A weather forecast is a commonplace digital twin of the real world environment. If we take data from the real world, we can create a model, and then we can ask how that model might evolve to learn, for example, that it is going to rain tomorrow. I live in London, which means it is always going to rain tomorrow, so I imagine that makes the maths easier here. Where does this leave us in terms of the state of the art?

State of the Art

Since 2010, here at Neo4j we’ve seen digital twin crop up again and again, always, it seems, in combination with the notion of a knowledge graph. Here are some examples:
    • large complex software systems based on microservices
    • power generation, such as optimizing wind turbine servicing
    • in transportation, such as plotting routes around London using the London Underground, the Tube, etc.
    • in pandemic response
The future is here, but it is unevenly distributed. For instance, NASA used its digital twin and knowledge graph technology to get to Mars two years early, which is phenomenal, but most folks struggle with implementation complexity. Most of us don’t have a local supercomputer lab or supercomputer models that we can continuously run. So what do we do?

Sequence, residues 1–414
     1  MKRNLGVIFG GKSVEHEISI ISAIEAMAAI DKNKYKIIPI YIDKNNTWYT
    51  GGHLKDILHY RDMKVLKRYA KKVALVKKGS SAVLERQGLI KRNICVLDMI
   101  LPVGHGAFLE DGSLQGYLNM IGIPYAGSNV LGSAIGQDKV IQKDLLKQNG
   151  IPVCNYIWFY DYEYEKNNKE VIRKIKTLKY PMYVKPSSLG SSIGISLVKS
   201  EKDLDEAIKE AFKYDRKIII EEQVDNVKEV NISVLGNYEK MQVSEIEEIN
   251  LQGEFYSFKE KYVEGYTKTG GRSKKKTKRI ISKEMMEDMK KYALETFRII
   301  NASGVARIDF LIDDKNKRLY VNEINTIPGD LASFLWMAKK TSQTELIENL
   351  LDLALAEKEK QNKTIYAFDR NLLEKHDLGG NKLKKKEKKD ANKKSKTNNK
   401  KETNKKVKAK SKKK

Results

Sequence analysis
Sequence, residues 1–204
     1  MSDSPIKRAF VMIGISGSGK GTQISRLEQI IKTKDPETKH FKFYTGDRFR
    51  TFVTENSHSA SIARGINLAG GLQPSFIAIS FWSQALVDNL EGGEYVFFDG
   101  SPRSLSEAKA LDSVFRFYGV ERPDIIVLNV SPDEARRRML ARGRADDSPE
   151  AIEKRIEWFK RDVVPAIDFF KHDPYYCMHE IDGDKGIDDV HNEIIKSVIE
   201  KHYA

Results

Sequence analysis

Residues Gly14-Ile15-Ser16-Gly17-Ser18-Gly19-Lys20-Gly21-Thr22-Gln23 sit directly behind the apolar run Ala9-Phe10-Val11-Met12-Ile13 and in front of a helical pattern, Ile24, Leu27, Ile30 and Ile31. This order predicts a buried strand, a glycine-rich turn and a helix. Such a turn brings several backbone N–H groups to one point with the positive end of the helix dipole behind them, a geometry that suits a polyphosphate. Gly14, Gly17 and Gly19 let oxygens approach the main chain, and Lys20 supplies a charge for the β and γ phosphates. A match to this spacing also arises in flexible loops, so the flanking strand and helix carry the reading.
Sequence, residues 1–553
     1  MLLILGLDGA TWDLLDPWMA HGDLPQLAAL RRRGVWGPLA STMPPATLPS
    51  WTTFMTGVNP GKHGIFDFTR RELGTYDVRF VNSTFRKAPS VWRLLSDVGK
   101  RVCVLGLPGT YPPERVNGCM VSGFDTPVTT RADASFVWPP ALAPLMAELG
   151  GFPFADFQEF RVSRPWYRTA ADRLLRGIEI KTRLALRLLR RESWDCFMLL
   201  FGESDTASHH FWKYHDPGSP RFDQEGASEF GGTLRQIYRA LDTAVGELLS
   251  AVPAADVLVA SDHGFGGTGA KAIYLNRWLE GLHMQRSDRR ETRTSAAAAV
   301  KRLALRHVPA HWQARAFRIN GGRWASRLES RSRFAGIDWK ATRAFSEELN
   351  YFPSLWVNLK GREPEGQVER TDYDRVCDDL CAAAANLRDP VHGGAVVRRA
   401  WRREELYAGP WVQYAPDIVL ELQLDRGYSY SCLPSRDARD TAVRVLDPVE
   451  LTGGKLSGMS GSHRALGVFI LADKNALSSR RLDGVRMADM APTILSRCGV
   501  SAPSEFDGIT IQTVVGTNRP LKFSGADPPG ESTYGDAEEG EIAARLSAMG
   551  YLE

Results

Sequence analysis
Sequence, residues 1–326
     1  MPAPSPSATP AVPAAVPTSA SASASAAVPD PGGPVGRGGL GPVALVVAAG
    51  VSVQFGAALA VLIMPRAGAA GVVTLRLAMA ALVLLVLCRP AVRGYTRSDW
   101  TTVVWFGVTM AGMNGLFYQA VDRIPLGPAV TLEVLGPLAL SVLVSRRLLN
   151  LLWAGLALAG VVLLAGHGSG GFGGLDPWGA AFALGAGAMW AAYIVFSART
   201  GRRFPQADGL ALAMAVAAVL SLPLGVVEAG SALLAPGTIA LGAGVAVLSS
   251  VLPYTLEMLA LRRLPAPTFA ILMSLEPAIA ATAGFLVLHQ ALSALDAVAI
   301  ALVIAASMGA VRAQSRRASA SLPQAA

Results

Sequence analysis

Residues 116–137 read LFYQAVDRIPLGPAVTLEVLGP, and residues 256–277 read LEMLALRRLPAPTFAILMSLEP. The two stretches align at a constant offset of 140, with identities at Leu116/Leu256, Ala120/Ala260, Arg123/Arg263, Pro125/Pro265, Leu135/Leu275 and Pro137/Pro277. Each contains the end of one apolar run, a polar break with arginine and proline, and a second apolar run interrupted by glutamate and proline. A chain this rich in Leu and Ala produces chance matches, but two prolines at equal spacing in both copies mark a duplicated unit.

We default to data tech to help us. If I can build data and pry from the data some useful information, that could be a digital twin, but it turns out that a lot of data technology is quite poor at dealing with complex interconnected domains. The models aren’t really suited for it, because the models are better suited for rows or documents or simple keys and values.

Implementation Quagmire

In fact, we fall into this implementation quagmire. High-performance computing and relational databases allow us to work with an old school digital twin, where we can throw tin at the problem for the high-performance computing stuff, or we can simplify the model to work in a relational database. In fact, jet turbines are complicated, but they can be held in a single CAD model. We do hit a wall when we try to scale this up for other use cases.

Trying to build and maintain models with incredibly complex schemas is difficult, prone to errors, and computes slowly. When we try to make sense of these models, we often run into the JOIN bomb problem; that is, as we join through these tables, the level of pressure that we place on main memory, and ultimately on virtual memory, spills over to disk, which means that we chug along at a terrible speed.